The flyers were taking heavy ground fire from the farmer formations who were learning fast. At one time they would shoot at the aircraft rarely leading it, but lately they’d begun grouping a dozen or so men to shoot ahead of the plane. Now our guys had to fly into the waiting bullet swarms. It worked well this time. As a Phantom lowed down into his strafing channel and I mean low, brother, just a couple of hundred feet above the deck, if that, a large bulb of flame ballooned out of his exhaust. We watched the canopy pop off as the pilot ejected. His craft slammed into a low hill and disappeared in a cratering fireball. He was maybe three or four hundred feet in the air when his chute opened. Down he came. The marines began yelling bitterly, “He’s dead, man! He’s a goner! Right into the middle of the Dinks!” The pilot and chute disappeared beyond the ridge and we rippled knowing the farmers were going to nail him. Suddenly, I heard Bob’s voice yelling my name. “Kid! Kid! C’mon, we gotta go!”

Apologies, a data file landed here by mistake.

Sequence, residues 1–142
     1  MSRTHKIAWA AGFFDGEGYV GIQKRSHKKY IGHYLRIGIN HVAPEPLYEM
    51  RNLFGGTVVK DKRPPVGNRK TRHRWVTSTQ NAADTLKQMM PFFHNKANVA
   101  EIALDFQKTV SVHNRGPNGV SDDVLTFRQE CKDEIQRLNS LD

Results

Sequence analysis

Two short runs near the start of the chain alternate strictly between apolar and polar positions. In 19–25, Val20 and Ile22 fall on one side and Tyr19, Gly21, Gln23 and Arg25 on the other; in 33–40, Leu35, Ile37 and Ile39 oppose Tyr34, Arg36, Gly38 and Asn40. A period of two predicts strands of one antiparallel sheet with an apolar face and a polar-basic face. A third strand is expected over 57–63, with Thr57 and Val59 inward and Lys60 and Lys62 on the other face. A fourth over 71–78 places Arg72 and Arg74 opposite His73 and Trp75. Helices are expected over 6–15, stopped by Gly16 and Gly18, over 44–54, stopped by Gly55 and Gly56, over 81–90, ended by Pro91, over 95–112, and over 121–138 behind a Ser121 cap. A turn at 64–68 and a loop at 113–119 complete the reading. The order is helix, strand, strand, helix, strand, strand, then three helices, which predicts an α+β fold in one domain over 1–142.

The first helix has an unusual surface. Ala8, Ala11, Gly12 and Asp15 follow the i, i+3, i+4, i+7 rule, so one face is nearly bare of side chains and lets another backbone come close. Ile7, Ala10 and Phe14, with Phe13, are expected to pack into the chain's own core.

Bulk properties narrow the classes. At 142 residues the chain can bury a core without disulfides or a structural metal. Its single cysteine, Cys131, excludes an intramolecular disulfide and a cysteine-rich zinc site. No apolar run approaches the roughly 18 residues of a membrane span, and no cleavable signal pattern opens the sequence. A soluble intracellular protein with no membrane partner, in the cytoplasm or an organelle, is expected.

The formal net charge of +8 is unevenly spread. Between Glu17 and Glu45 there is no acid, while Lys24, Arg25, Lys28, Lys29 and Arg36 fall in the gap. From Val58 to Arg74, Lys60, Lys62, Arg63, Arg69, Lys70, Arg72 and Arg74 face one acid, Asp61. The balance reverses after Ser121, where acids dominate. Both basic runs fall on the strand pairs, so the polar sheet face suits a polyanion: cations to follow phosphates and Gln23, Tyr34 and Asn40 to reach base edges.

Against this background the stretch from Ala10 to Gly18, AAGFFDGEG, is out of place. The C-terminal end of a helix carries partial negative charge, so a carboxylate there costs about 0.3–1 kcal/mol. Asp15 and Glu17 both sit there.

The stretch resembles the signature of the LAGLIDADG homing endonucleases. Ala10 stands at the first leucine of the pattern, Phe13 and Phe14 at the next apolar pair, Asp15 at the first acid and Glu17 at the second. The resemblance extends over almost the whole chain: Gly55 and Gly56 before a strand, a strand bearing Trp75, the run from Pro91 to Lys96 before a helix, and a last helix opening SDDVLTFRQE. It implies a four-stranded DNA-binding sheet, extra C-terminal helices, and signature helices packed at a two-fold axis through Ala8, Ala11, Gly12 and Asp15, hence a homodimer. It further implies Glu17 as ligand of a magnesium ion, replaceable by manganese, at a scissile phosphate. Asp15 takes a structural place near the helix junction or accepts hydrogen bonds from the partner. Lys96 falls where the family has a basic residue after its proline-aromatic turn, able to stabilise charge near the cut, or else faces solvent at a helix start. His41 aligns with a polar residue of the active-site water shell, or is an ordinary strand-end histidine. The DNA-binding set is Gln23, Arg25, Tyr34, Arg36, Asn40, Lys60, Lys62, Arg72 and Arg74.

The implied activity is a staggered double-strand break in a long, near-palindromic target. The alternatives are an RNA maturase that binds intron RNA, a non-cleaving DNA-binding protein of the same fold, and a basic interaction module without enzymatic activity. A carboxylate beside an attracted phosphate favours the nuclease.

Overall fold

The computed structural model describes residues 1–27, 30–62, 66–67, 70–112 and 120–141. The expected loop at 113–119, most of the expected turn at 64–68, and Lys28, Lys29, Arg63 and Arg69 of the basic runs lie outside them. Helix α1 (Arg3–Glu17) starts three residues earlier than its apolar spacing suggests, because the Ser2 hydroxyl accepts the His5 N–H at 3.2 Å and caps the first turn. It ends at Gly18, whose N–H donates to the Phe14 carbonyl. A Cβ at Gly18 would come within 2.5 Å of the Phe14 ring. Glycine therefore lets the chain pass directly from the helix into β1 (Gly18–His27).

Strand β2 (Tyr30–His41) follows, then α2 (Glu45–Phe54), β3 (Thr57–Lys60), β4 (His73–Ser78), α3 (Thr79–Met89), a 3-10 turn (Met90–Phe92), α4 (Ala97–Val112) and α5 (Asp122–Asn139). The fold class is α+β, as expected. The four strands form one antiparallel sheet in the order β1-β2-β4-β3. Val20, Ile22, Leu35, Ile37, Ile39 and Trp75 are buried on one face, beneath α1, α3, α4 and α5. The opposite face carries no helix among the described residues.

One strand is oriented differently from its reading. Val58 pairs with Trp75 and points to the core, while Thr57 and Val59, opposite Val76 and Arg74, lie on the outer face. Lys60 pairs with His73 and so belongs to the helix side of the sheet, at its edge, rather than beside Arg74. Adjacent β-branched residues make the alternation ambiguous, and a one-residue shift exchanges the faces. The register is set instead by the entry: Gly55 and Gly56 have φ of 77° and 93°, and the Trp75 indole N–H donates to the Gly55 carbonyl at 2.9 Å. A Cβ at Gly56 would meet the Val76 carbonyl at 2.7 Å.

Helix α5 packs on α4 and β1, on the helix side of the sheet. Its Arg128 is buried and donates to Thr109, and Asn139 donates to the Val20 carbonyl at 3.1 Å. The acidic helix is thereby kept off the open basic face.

“Go? Go where?” I asked, looking up from the trench as my dread instantly intensified. Ah, the old They’re trying to kill me again routine.
“We’re gonna go get that guy.” he said smiling before he hurried away. “The pilot?” I yelled astounded.
He turned, “Yeah, c’mon. We don’t have much time.”
I grabbed my weapon and as I climbed out of the trench I was muttering “No, no, he’s gone. They got him.” I heard a chopper coming in as the barrage intensified and we ran towards the FOB’s LZ.
We laid low in a hole as the barrage casually shifted directions. When the helo whirled to a hover near us the barrage began creeping back towards us. At the right moment we made the dash, and then we were in, up and on our way. Bob was smiling and laughing big time as if he’d just won a bet. He loved impromptu flirtations with getting your ass shot off. It kind of fit our situation. He was contagious. I looked at him, “Mommy, are we gonna die?” He gave me the peace sign and laughed some more and as I armed up the crew chief swung his machine gun towards our destination. As we came over the rise I began thinking, “Don’t worry. It doesn’t matter. You’ll be dead before you know it.”